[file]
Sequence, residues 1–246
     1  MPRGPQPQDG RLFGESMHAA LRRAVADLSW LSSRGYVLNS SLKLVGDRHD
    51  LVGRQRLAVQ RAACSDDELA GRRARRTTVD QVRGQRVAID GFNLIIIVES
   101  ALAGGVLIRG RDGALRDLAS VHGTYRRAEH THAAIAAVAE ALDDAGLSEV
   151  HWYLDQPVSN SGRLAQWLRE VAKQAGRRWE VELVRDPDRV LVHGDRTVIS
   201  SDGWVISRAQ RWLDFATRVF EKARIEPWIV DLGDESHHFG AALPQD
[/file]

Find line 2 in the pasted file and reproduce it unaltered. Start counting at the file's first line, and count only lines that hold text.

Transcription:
     1  MPRGPQPQDG RLFGESMHAA LRRAVADLSW LSSRGYVLNS SLKLVGDRHD